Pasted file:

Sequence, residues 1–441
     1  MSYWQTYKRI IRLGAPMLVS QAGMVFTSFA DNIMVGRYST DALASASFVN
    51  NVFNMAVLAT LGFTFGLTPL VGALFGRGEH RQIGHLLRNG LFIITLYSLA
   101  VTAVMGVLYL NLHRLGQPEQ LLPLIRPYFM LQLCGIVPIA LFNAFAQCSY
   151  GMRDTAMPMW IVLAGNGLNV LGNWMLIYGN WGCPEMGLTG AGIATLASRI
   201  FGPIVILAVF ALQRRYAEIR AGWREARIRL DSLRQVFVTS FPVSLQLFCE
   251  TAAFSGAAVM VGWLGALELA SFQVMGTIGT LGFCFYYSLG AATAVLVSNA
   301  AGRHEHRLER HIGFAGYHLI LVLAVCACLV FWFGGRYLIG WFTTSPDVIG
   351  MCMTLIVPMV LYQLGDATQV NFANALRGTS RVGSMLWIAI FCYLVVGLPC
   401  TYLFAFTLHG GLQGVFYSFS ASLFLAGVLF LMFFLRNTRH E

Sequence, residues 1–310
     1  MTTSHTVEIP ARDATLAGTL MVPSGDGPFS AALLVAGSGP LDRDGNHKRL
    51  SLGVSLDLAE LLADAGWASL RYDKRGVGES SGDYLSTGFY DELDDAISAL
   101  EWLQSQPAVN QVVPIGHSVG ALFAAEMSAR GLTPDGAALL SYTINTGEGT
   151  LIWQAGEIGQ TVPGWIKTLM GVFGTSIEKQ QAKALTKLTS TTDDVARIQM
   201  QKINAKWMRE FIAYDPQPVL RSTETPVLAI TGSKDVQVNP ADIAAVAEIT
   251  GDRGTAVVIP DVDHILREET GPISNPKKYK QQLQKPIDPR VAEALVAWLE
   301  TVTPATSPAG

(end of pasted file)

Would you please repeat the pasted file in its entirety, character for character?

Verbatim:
Sequence, residues 1–441
     1  MSYWQTYKRI IRLGAPMLVS QAGMVFTSFA DNIMVGRYST DALASASFVN
    51  NVFNMAVLAT LGFTFGLTPL VGALFGRGEH RQIGHLLRNG LFIITLYSLA
   101  VTAVMGVLYL NLHRLGQPEQ LLPLIRPYFM LQLCGIVPIA LFNAFAQCSY
   151  GMRDTAMPMW IVLAGNGLNV LGNWMLIYGN WGCPEMGLTG AGIATLASRI
   201  FGPIVILAVF ALQRRYAEIR AGWREARIRL DSLRQVFVTS FPVSLQLFCE
   251  TAAFSGAAVM VGWLGALELA SFQVMGTIGT LGFCFYYSLG AATAVLVSNA
   301  AGRHEHRLER HIGFAGYHLI LVLAVCACLV FWFGGRYLIG WFTTSPDVIG
   351  MCMTLIVPMV LYQLGDATQV NFANALRGTS RVGSMLWIAI FCYLVVGLPC
   401  TYLFAFTLHG GLQGVFYSFS ASLFLAGVLF LMFFLRNTRH E

Sequence, residues 1–310
     1  MTTSHTVEIP ARDATLAGTL MVPSGDGPFS AALLVAGSGP LDRDGNHKRL
    51  SLGVSLDLAE LLADAGWASL RYDKRGVGES SGDYLSTGFY DELDDAISAL
   101  EWLQSQPAVN QVVPIGHSVG ALFAAEMSAR GLTPDGAALL SYTINTGEGT
   151  LIWQAGEIGQ TVPGWIKTLM GVFGTSIEKQ QAKALTKLTS TTDDVARIQM
   201  QKINAKWMRE FIAYDPQPVL RSTETPVLAI TGSKDVQVNP ADIAAVAEIT
   251  GDRGTAVVIP DVDHILREET GPISNPKKYK QQLQKPIDPR VAEALVAWLE
   301  TVTPATSPAG